Once upon a time there were schools with real books and they were even made from paper..Imagine that! For most of us the scent of fresh Collins books with a pack of sharpened Derwent pencils heralded the start of a new school year. If you were exceptionally spoilt you would have the tin with 72 luscious colours and a whole lot of envy from your friends. Your inability to draw was irrelevant, it was that you had them and your classmates did not. Out of all the books though it was the atlas which inspired the greatest attention. It hinted of far away countries with exotic sounding names. Rivers wound through these lands as wandering ribbons of blue and high snow-capped mountain ranges were green and normally raised. The maps spoke to you of the potential of travel and the promise of escape from the drudgery of logarithms.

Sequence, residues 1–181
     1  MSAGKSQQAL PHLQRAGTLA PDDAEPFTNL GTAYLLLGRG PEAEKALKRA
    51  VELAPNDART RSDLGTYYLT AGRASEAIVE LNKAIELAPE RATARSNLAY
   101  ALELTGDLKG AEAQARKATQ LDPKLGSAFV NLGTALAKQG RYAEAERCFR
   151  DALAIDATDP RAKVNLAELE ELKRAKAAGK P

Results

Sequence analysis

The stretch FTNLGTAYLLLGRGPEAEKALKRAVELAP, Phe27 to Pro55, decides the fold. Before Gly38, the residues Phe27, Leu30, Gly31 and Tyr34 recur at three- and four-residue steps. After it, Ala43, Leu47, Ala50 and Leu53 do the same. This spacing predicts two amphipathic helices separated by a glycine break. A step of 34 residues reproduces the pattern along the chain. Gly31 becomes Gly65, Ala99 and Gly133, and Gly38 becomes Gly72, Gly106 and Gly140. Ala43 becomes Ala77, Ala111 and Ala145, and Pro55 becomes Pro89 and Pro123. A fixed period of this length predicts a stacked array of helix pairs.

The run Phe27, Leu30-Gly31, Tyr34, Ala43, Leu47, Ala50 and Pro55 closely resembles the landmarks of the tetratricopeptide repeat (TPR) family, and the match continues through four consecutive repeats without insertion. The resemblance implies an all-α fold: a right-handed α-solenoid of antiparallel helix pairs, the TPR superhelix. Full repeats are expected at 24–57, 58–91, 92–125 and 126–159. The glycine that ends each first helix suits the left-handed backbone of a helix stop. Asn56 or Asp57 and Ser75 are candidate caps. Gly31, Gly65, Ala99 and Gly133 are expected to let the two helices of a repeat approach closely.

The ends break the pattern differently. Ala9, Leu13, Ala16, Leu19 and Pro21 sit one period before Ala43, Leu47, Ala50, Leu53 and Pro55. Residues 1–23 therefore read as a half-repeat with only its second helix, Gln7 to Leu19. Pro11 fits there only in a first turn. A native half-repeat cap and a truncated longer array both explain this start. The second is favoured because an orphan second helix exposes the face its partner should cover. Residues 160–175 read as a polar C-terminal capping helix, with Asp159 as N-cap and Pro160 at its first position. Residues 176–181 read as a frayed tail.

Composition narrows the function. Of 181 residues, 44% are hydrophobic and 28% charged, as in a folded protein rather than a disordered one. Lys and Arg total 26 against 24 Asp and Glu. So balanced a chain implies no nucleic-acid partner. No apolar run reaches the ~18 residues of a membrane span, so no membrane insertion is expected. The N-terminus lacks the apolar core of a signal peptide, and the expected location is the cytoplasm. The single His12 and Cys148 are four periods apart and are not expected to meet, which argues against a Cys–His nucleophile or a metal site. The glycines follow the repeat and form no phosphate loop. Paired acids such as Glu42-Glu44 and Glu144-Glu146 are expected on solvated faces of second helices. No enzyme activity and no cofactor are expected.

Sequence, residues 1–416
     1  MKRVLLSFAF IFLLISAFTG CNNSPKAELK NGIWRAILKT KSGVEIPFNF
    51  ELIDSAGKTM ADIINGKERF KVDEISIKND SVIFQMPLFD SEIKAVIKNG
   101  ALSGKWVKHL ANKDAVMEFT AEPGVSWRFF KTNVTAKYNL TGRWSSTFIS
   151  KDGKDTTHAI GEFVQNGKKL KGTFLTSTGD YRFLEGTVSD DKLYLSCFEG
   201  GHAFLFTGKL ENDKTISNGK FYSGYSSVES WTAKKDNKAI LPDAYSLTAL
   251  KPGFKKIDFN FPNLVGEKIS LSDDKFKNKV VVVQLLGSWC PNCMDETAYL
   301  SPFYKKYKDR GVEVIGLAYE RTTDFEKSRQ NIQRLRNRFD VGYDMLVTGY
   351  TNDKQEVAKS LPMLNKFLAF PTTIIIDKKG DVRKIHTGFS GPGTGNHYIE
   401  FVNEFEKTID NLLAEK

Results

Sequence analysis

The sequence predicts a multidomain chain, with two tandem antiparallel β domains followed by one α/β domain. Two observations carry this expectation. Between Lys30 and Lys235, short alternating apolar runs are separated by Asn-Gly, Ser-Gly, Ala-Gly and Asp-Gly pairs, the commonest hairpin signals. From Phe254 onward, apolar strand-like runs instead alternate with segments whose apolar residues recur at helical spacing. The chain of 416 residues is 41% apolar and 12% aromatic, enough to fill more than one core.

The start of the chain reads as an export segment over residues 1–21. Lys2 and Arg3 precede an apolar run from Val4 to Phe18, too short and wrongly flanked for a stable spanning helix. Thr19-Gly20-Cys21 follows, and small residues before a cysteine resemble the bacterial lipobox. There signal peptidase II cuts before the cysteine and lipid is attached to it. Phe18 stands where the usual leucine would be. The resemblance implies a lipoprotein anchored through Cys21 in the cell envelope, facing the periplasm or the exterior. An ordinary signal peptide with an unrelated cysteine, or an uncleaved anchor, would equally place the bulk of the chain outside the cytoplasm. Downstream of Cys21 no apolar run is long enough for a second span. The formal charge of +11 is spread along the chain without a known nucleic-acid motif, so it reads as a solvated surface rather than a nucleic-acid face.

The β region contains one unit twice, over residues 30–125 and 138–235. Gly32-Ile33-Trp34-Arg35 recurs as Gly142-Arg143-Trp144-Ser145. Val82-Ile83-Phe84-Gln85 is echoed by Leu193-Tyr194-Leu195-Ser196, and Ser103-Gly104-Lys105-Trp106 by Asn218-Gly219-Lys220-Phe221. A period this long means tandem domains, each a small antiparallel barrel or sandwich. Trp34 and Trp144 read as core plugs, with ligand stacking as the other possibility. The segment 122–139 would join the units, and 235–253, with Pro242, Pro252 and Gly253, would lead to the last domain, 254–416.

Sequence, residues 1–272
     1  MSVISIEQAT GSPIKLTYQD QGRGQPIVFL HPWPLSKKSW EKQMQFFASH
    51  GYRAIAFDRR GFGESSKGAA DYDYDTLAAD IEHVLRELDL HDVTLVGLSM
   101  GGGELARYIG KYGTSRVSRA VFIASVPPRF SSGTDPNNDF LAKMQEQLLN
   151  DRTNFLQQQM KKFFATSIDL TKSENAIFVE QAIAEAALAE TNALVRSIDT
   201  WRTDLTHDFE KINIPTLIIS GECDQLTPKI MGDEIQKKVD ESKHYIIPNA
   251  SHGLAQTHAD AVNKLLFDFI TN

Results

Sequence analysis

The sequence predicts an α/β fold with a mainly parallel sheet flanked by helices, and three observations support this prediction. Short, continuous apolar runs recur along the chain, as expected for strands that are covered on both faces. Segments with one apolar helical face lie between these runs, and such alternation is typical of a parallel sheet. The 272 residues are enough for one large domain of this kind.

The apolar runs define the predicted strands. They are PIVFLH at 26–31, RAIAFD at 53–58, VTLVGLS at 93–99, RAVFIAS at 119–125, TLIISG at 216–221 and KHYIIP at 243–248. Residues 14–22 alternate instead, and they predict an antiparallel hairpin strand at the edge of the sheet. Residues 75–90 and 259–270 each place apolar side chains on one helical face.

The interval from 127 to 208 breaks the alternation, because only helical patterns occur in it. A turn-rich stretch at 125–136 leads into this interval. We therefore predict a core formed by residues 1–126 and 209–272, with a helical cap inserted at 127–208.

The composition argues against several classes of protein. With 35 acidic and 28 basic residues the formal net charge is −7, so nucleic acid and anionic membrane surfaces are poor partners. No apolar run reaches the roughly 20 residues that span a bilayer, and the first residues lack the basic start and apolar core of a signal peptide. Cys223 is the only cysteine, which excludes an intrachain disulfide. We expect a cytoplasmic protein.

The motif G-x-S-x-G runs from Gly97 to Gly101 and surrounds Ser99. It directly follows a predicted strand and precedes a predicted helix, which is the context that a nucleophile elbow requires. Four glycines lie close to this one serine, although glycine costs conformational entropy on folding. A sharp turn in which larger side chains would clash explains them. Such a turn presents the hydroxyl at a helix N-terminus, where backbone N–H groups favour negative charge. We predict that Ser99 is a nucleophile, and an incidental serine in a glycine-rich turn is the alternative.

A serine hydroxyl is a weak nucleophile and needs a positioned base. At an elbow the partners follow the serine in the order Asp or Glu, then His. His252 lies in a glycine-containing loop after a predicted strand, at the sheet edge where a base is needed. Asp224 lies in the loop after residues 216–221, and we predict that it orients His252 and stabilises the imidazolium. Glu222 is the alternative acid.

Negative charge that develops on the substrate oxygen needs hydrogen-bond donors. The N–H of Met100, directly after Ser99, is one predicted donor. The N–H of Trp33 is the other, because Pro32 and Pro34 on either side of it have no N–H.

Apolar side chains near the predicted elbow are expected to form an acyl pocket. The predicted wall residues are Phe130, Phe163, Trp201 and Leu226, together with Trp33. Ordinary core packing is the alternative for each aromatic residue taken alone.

The above photo illustrates the reincarnation of one such atlas as a series of tantalising gift cards. A talented friend of mine scours local markets and book fairs for damaged books to rebirth for this very purpose. She made a very interesting observation that when people looked at the tags they inevitably went for one which had some geographical significance for them. It could have been the county of their father's birth, a honeymoon to Moorea, or that wistful trip to Graceland! What they did was act as visual prompts for people or a trigger mechanism for a postive association. Not bad for a recycled gift tag!
Photo Brian Tunks